More specifically, $579.06
I forgot to take a picture while it was still on the flat cart. Not visible, because they are on and under the seat that isn’t folded down, is a box with three rotisserie chickens – which are still cheaper than buying a three pack of whole, raw chicken – a case of 48 cans of wet cat food, and a double flat of 60 eggs.
There’s more toilet paper for stocking up, as well as an extra bag of rice. They did not have the larger bags of cat kibble, so I got four 9kg bags of Kirkland brand, which cost $28.99 each.
The two insulated bags are not completely full, but I wanted to distribute the weight between them more evenly. There’s a litre of whipping cream; something we don’t normally buy, but at $4.69, is quite a bit cheaper than elsewhere. It’s the same with the 10 pounds of butter at $4.99 each. Everywhere else, even the no-name or house brands are around $6.50 each. A big block of Old Cheddar now costs $29.99, and that’s cheaper than the few other places that carry that size. I got a pork loin and pork blade, both of which were small enough to cost under $20 each by weight. (I’m so glad we’re getting a quarter beef in December, because beef prices right now are really high.) There’s a pack of Kirkland brand cream cheese which, at $9.49, is much more affordable here.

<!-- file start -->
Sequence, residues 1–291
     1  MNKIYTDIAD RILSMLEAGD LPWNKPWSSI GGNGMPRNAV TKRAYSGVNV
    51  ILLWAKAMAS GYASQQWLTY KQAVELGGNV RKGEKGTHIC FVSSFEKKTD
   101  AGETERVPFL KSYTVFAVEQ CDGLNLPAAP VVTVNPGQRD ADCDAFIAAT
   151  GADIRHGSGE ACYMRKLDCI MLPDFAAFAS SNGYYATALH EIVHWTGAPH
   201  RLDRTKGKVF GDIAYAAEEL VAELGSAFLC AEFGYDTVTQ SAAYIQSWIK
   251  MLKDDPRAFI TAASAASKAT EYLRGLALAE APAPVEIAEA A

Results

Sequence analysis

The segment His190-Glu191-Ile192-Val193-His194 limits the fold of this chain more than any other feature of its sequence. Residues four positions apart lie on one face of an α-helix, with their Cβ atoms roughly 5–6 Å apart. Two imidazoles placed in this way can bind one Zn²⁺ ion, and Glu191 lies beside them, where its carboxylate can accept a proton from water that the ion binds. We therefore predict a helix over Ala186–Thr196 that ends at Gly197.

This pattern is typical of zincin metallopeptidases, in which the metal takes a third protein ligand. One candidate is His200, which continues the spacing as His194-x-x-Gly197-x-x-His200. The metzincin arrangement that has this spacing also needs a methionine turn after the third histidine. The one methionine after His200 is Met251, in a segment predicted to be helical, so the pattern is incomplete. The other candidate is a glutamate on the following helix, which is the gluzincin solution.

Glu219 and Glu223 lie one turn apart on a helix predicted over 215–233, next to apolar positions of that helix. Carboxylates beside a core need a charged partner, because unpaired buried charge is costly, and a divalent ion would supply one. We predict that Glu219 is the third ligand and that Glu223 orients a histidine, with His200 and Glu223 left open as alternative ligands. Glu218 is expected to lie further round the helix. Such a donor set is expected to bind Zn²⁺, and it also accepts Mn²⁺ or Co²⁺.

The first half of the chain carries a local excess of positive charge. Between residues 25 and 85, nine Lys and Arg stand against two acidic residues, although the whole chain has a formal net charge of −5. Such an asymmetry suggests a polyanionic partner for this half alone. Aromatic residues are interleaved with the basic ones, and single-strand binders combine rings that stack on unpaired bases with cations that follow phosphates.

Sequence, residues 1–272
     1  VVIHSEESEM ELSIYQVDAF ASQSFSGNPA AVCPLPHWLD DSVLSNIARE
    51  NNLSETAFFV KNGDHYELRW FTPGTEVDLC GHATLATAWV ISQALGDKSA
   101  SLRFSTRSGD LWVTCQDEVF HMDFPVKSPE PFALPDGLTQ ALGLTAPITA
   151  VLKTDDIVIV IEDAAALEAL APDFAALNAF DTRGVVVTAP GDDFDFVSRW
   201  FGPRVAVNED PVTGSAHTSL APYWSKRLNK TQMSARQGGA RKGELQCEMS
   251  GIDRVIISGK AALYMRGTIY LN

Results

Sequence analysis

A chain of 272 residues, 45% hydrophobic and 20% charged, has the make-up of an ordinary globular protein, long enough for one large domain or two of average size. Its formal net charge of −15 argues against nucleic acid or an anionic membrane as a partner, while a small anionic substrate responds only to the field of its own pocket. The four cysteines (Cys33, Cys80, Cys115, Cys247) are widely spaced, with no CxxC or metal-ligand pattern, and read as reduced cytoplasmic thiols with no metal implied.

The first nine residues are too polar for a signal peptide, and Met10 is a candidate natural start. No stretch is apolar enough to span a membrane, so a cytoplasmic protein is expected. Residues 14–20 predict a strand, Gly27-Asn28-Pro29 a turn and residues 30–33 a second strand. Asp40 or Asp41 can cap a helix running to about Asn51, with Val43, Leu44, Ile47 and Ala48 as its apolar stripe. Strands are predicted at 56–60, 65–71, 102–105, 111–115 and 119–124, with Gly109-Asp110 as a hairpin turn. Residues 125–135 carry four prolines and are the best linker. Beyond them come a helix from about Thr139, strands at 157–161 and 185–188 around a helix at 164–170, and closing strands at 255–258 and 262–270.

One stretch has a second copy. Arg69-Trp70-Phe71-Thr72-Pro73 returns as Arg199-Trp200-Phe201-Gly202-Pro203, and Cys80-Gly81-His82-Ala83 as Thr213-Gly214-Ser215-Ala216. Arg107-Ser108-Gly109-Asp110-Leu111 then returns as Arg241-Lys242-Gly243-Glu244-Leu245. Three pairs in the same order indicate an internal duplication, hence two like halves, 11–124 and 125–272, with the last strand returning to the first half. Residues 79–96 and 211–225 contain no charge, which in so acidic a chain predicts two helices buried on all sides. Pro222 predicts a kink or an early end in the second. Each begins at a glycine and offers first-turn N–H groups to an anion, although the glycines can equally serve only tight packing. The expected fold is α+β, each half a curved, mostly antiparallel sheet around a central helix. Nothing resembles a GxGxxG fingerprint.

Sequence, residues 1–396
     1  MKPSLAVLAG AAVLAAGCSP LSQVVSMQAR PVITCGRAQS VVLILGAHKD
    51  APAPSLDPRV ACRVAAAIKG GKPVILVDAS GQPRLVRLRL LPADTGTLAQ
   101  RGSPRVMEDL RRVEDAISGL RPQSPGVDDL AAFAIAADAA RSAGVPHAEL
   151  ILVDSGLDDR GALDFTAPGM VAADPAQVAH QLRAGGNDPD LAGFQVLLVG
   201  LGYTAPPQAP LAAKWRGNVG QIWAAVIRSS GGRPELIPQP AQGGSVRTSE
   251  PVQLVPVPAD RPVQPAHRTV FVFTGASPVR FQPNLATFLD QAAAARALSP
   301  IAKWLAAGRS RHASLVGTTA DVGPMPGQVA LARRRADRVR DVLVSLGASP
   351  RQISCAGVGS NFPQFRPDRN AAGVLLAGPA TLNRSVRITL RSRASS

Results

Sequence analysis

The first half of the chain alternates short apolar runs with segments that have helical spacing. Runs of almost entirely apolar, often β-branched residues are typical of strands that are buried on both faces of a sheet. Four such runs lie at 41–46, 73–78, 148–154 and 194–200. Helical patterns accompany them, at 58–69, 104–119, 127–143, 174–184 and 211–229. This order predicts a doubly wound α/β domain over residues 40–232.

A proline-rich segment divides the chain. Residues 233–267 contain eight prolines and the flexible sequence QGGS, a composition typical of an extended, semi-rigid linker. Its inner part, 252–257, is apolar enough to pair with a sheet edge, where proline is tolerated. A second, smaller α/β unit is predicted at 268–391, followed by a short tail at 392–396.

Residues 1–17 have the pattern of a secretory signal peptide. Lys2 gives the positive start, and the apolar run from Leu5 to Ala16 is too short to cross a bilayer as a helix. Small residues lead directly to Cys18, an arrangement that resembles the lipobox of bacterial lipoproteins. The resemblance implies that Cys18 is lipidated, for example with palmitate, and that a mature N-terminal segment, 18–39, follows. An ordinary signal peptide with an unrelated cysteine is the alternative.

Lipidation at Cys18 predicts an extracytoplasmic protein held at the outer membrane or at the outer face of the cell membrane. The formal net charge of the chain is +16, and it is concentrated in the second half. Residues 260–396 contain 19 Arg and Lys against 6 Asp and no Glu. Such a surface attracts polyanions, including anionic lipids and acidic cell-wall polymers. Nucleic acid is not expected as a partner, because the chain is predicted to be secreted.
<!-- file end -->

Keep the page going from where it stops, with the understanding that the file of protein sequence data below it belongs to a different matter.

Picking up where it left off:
I got a 6 pk of canned chicken, which was $21.99 – I think it actually stayed the same price as last month. I got a couple of big jars of mayonnaise that was on sale; regular $10.99, which is higher than last time, but the sale price was $8.49. Since my bee keeper cousin lost so many of his bees to our long, late winter, I bought a 3kg bottle of honey, which cost $24.99 I think that’s actually the same as what my cousin charges. I usually try to get his 5kg size, and the last time I got any from him, it was only a 1 kg jar, so I can’t quite remember. I also got more brown sugar for the pantry, as well as chocolate chips, peanut butter and popcorn. The package of AA batteries, which is mostly for the trail cams, now costs $25.99 – plus the eco fee. I don’t get the cheap brands of batteries, because the trail cams suck them dry in no time. If the new, solar powered trail cam handles winter well, I think we’ll get more to replace the old ones. The batteries on that are still 100%, while I’ve had to replace the batteries on the older ones at least twice, each, since we got the new one.
What else is in there? Oh, a case of bar soap, a stock up on feminine hygiene products, and a couple of packages of tortilla wraps. I did not get any other bread product, though I did look for hot dog buns. In fact, I’ve been trying to find hot dog buns since I got the giant package of wieners at the wholesale store. I haven’t found any! We’ll just have to start baking more bread again. We do less of that in the summer, partly because of the heat and partly because there’s just too many things outside that need to get done.
And that’s it.
I didn’t even fill the flat cart for the cost.